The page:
Thursday, February 17, 2011

The Once and Future Nerd

I'm pretty much a nerd.  I've read a few fantasy novels in my time that didn't have a British wizard on the cover.  I know three of the "Star Wars" movies by heart from wearing out the videotapes when I was younger.  I know that getting malaria cures one of syphilis because of the increased body temperature.  I know that the velocity of light (in a vacuum) is approximately 186,000 miles per second, or more accurately expressed as nearly 300,000,000 meters per second.

I know how to spell "vacuum".

But I am not the king of nerds.  I've read very few fantasy or sci-fi novels -- I tend to get bored with them.  I haven't even seen all of the "Star Wars" movies (skipped out on number 6... errr... 3).  I don't know anything else about malaria or syphilis.  I can't figure out when to change my car's oil.

And I have continual struggles trying to spell "successful".

It doesn't take much for me to recognize elements of my old nerdy self when I spot them in other people.  Like the guy at the Subway...

Near the shop, there's a Subway with a continuing staff of changing faces.  The most recent one was the acne-scarred face of a late teenager or early twenty-something.  He's less than average height, with brown curly hair that looks a bit too oily to have seen the shower today. 

When I first entered, he was instantly more chatty than a typical Subway worker.  He discussed the sandwich he was making for me, it's current cost-effectiveness given the current promotion, and he drifted on to his personal matters.

He was saying how tired he was (and I was making general "hurry-up/I'm listening" noises like "Ehm" and "Nyah".)  Then he commented that his good friend was pregnant by his old best friend, and that he'd stayed up with her.  "If I see him now, I might get arrested for assault!" he said in the emphatic way one does when issuing confrontational declarations toward an absent third party.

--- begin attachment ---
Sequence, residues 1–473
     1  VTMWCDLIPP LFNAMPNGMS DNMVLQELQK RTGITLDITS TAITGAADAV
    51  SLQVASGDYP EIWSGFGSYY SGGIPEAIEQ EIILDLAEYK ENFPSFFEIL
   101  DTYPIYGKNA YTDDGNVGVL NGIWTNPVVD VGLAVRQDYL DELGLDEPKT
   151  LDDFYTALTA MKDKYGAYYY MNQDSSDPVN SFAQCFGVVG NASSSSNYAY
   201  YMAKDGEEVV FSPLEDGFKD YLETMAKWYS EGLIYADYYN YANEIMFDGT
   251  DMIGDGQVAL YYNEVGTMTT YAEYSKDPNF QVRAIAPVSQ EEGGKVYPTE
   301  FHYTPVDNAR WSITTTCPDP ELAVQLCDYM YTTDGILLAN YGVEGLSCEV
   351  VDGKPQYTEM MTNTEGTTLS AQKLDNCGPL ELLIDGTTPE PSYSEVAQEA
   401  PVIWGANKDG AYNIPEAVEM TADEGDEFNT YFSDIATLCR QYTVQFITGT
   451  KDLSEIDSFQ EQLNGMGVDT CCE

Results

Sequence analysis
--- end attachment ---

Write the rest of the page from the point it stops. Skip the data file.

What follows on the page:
His uncomfortable assertions broke a flagon of resemblance across my head.  I used to be that guy -- and more recently than I would prefer to admit!  I remember the heady feelings created by having girls pay attention and tell me things.  I believed that I was the one who understood.  Only I could make everything better, and that if only I could dispense high school justice, the world would be improved.

I definitely recognized the signs in the young man in front of me, spreading black olives.  He thought of himself as the savior and the one true companion for this girl.  Been there AND got the t-shirt.

Talking about someone else's soap-opera of a life is one thing (whether real or largely manufactured).  But I felt myself feeling sorry that I couldn't offer him any corrective or guiding words.  Firstly, it's not my place.  And more importantly, words from a stranger aren't going to matter because that stranger doesn't know how he *feels*.  Ah, well.

In the end, I sat to eat lunch and he went back to the book that had a dragon on the cover.  The next customer in didn't so much as get a peep of conversation.  Whatever itch had been scratched.  Now it was time for conspicuous declarations of valor and chivalry to ring around in the head as the last oddly-echoing sentence in both of our ears.

I picked Cheetos as my side for an extra "I'm still eating" crunch.

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